The Auroran reported last week that the town has missed the mark in obtaining the LEED Gold standard they targeted for their Joint Oops Centre. With a project that has already gone $6 Million over budget, what’s another $100,000 on the bill to cover what the Mayor calls “items that seem to be somewhat subjective in terms of how LEED Gold is determined”.
Clr. Abel extrapolates one of these specific items : “One of the biggest things we didn’t realise when we [went] for the Gold was [the issue of] brownfield.”
A brownfield you say huh. You mean like the Collis Leather site that was long since demolished ?
Collis Leather was one of numerous tanneries that operated here in Aurora, and where there were numerous tanneries means there are likely sizeable amounts of toxic tannery waste.
Back in 2014 Evelyn Buck wrote a post on the subject which included her stance that “So long as they are not disturbed the chemicals are harmless”. The problem being that development of this site approved by council provided a green light to disturb these buried materials. In fact the demolition order was approved due to the belief that the only way to remediate the site was through removing the building.
Well that part is done. Here is a Google Map of the site in 2005:
Here it is May of 2015:
The property owner was supposed to ensure truck washdowns and soil screens were in place during the demolition. Residents complained to the town that was not the case. you view things from street level is that 3 properties immediately across from the brownfield are all up for sale:
When you view things from street level the 3 properties immediately across from the brownfield are all up for sale:
What are they so scared or frustrated with that would prompt them to sell? We’ll let’s look across the street shall we:
Demolition is long since over. Colis Leather has been ground into rubble and piled high into several mounds on an unsecured site. What is of great concern are open bodies of water on a site that would have had containment ponds for toxic sludge. That stuff that isn’t supposed to be disturbed.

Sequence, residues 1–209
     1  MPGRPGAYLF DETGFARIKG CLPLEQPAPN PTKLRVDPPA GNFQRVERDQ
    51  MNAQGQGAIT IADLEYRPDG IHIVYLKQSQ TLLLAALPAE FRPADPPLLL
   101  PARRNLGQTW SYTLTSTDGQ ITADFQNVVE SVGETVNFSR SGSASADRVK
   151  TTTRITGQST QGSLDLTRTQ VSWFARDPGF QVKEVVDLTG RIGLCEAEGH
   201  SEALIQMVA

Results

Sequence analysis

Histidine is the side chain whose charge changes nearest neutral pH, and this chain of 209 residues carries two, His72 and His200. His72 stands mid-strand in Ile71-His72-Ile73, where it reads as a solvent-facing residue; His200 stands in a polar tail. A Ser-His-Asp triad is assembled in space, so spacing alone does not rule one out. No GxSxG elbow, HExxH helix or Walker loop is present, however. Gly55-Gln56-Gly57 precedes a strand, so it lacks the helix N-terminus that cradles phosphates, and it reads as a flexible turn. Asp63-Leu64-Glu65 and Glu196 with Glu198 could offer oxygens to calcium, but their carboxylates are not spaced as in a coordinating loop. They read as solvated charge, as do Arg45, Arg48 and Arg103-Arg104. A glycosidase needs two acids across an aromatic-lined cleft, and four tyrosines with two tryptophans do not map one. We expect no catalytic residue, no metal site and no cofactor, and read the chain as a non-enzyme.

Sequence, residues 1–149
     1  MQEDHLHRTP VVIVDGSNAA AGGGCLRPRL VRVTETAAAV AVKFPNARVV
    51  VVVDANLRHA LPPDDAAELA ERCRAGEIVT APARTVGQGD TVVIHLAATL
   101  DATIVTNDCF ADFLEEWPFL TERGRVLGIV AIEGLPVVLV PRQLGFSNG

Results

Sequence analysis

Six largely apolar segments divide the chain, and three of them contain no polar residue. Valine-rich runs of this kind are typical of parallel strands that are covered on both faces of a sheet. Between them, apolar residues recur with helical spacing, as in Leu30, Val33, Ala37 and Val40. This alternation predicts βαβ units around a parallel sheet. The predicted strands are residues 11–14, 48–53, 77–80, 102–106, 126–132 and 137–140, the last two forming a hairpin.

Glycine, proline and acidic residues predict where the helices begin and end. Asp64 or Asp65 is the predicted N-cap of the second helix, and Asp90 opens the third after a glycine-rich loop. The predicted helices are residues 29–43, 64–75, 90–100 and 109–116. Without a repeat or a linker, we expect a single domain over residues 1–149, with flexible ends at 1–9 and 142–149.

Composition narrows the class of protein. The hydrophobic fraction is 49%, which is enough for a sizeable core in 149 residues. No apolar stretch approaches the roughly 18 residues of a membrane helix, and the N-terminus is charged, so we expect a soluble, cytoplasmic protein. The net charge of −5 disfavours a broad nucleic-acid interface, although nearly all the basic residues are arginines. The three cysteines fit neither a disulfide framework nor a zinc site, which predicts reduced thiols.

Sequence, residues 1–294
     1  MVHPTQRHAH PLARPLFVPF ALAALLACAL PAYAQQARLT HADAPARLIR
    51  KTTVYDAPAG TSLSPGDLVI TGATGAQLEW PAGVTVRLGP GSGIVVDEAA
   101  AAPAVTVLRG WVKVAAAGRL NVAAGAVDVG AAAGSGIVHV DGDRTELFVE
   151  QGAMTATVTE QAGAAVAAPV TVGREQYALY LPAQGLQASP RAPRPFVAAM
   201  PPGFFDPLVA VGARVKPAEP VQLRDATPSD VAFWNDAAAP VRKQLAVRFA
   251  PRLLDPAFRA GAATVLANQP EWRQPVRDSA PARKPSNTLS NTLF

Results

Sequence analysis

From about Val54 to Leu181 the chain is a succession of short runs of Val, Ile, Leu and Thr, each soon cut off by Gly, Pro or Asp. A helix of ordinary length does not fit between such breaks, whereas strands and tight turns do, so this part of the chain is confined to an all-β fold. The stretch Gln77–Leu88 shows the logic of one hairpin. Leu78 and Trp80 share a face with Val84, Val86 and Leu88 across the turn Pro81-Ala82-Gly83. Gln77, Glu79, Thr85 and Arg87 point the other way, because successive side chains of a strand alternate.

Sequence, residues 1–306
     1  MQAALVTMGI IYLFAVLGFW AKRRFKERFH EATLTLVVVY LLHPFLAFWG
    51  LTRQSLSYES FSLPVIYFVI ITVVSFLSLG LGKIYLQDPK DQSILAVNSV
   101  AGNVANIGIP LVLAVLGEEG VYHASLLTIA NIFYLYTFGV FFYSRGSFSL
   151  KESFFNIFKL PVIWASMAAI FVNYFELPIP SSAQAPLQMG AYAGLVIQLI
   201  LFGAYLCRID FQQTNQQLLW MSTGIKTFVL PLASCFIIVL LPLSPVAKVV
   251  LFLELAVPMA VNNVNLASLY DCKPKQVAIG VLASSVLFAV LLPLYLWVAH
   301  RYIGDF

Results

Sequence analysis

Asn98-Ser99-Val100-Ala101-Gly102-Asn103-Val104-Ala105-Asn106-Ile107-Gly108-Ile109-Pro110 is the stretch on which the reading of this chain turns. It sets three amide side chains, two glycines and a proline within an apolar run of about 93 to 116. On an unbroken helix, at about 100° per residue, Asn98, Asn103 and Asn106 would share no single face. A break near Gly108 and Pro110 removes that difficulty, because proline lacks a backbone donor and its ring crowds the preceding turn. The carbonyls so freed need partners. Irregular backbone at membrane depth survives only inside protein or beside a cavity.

I’m pretty sure this isn’t how one goes about safely remediating a brownfield in Ontario but to be sure this is where the Brownfields Statute Law Amendment Act, The Ontario legislative framework for brownfields comes in. Established in 2001 there is a decent backgrounder on the chronology of regulatory ammendments posted in 2011.
One can spend an eternity sifting through texts on this subject. Two that stand out are Brownfields: A Comprehensive Guide to Redeveloping Contaminated Property and Cleaning Up the Past, Building the Future: A National Brownfield Redevelopment Strategy for Canada .
Striving for more of an Ontario context I drilled into MCMILLAN ‘s 2005 Brownfield Tool Kit. There’s a section that explores the STELCO/SWANSEA Iron Works Remediation Project as a case study, including a section on page 16 under the heading of IV. LEGISLATION AFFECTING THE DEVELOPMENT
Flip forward to page 19 and we read the following:
So was this developer asked to do any of this?
If not, why not?
Where is evidence of the town proactively monitoring the site during this remediation phase?
Where the town is so determined to chase Gold for its LEED standard at all costs it seems like the matter of a brownfield is indeed one of the biggest things standing between them and any shiny environmental medal.